Willis had been adjudicated bankrupt in Calcutta where he resided. The remainder of the estate was to go to Daniel Willis, the brother of Joseph, on the latters death, with eventual remainder to Henry Willis, the son of Daniel.Joseph Willis had the right to cut the timber on the estates during his life interest, and the representative in Cochrane in England threatened to cut and sell it for the benefit of Josephs creditors. Daniel and Henry wished to preserve the timber and so they agreed with Cochrane through his representatives to pay the value of the timber to Cochrane if he would refrain from cutting it. News then reached England that when the above agreement was made Joseph was dead, and, therefore, it is now owned by Daniel. It was held that Daniel was making a contract to preserve something which was already his and the court found, applying the doctrine of res sua, that the agreement was void for a common mistake. In the case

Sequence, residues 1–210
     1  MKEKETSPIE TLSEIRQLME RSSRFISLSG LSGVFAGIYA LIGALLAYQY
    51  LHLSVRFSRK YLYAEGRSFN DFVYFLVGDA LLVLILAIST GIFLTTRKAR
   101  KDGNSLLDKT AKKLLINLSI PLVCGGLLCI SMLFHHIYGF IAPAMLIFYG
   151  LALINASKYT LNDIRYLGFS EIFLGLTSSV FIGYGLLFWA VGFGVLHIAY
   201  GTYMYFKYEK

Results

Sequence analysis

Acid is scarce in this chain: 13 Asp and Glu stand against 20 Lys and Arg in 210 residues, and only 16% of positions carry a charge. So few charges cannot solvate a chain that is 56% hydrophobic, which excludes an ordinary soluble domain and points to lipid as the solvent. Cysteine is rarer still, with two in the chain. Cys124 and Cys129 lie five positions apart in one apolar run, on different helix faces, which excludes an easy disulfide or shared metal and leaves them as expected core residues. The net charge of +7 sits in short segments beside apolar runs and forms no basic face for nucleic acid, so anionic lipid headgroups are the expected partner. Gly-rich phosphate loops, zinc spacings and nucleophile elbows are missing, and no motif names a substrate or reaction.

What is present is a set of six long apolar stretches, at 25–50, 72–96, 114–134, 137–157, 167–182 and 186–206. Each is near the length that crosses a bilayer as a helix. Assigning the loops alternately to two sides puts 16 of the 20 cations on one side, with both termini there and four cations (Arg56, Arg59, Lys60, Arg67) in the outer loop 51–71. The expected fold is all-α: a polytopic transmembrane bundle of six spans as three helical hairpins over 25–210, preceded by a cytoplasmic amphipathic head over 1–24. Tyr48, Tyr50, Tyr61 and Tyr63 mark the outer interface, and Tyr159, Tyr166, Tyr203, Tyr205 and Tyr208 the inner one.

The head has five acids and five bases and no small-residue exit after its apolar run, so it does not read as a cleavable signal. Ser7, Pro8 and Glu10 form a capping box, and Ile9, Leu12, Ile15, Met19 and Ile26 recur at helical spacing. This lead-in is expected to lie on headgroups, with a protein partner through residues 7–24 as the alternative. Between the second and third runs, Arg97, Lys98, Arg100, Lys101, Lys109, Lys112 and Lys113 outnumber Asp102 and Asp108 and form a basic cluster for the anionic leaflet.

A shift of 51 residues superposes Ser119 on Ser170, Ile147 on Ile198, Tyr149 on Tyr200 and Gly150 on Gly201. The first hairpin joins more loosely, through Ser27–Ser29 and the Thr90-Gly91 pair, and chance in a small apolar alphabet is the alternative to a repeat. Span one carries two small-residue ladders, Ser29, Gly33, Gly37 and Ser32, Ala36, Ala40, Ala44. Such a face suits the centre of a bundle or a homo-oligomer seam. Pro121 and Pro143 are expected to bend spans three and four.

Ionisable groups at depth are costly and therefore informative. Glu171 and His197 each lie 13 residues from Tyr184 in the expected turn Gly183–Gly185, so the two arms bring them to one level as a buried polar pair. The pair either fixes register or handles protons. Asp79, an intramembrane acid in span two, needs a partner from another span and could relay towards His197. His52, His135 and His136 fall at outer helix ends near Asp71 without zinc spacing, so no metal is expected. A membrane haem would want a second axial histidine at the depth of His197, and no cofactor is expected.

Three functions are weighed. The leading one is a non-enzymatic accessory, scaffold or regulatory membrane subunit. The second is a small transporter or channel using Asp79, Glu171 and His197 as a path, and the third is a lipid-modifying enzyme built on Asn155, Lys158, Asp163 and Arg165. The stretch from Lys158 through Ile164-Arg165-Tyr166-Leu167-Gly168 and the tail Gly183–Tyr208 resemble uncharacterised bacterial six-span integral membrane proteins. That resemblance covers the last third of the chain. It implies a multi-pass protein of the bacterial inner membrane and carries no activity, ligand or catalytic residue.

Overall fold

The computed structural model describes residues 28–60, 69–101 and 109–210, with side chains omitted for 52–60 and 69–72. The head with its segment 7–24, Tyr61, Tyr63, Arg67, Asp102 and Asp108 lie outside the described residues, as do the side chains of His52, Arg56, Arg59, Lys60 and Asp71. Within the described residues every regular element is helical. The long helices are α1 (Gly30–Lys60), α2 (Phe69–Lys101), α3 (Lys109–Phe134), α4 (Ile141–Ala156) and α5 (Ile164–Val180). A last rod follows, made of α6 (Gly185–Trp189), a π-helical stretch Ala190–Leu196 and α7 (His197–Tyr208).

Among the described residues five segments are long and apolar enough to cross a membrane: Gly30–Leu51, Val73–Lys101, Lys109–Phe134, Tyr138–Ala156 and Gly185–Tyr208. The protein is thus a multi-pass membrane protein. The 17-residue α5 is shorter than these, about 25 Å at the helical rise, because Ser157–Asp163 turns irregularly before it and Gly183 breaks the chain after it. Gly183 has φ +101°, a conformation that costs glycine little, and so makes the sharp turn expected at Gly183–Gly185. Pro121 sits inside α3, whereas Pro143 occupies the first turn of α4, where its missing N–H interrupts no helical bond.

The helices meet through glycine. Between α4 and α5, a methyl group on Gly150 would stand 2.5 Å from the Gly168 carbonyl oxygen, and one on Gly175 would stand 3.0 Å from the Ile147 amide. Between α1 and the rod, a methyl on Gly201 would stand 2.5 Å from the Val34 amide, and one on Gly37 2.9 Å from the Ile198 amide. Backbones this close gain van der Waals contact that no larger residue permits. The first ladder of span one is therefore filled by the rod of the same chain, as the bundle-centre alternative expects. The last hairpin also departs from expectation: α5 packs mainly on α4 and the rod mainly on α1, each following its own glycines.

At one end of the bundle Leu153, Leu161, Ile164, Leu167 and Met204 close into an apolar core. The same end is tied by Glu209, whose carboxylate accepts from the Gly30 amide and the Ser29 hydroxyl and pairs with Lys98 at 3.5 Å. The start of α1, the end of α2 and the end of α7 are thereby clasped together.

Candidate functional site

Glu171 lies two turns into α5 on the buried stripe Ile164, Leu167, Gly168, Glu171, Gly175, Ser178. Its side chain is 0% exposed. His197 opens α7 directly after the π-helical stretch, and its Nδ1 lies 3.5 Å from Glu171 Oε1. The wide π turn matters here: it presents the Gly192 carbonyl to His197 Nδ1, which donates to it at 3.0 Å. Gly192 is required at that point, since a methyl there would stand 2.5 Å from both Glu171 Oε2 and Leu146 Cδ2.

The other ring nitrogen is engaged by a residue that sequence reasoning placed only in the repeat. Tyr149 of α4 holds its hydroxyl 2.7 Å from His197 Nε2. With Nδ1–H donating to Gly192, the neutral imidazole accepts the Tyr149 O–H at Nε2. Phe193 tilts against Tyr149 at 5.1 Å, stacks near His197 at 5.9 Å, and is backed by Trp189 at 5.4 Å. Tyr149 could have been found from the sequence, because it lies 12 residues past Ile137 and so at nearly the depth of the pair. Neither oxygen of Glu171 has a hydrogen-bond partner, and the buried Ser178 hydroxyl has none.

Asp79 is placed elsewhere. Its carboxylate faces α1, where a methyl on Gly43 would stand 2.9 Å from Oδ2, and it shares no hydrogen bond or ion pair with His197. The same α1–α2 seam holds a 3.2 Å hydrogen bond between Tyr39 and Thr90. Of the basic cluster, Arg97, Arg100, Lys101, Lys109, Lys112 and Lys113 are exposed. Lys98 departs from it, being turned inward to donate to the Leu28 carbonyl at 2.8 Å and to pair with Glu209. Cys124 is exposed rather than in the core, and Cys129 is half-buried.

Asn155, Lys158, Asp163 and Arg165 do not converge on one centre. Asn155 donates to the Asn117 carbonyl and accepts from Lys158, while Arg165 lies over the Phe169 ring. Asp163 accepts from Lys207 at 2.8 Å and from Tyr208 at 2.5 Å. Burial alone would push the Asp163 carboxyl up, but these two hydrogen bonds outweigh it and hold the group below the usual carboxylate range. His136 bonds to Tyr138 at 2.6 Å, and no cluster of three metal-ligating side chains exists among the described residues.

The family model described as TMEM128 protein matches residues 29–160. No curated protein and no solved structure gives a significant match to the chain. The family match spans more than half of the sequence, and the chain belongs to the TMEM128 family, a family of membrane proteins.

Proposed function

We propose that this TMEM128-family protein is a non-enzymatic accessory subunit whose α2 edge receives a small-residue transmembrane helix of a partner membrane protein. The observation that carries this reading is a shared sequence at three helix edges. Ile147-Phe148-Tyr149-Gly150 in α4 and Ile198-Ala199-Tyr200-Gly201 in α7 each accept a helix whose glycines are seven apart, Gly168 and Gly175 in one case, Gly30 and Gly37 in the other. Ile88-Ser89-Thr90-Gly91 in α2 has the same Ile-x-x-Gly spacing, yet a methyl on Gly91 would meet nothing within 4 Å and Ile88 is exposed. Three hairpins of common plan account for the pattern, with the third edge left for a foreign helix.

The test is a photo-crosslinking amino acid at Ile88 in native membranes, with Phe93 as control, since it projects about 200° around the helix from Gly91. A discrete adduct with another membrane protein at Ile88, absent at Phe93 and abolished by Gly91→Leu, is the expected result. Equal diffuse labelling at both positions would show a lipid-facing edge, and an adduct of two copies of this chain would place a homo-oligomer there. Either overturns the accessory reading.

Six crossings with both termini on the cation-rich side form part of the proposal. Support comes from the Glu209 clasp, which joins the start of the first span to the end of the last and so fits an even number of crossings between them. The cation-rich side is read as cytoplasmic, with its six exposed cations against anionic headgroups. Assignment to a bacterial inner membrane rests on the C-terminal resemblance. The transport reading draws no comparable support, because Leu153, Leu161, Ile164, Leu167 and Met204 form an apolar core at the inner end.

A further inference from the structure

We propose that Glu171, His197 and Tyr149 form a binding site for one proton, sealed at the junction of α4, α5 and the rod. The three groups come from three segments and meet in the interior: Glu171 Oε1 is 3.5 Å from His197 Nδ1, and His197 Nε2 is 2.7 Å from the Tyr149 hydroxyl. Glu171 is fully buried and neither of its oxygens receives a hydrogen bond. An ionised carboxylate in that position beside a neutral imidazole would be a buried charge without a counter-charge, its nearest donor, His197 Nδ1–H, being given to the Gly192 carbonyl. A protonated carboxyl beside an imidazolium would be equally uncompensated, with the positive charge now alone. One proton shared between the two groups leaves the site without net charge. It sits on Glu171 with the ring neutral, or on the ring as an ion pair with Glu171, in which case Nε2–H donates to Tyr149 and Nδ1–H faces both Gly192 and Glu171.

Of res extincta and res sua, equity treats them the same way as common law as it relates to the agreement being void.
A mutual mistake is where both parties of a contract are mistaken as to the terms. Each believes they are contracting for something different. The court usually tries to uphold such a mistake if a reasonable interpretation of the terms can be found. However, a contract based on a mutual mistake in judgment does not cause the contract to be voidable by the party that is affected. In the case of Raffles v Wichelhaus, the defendant agreed to buy from the claimants 125 bales of cotton to arrive ex Peerless from Bombay. There were two ships called Peerless sailing from Bombay, one in October and one in December. The defendants thought that they were buying the cotton on View More »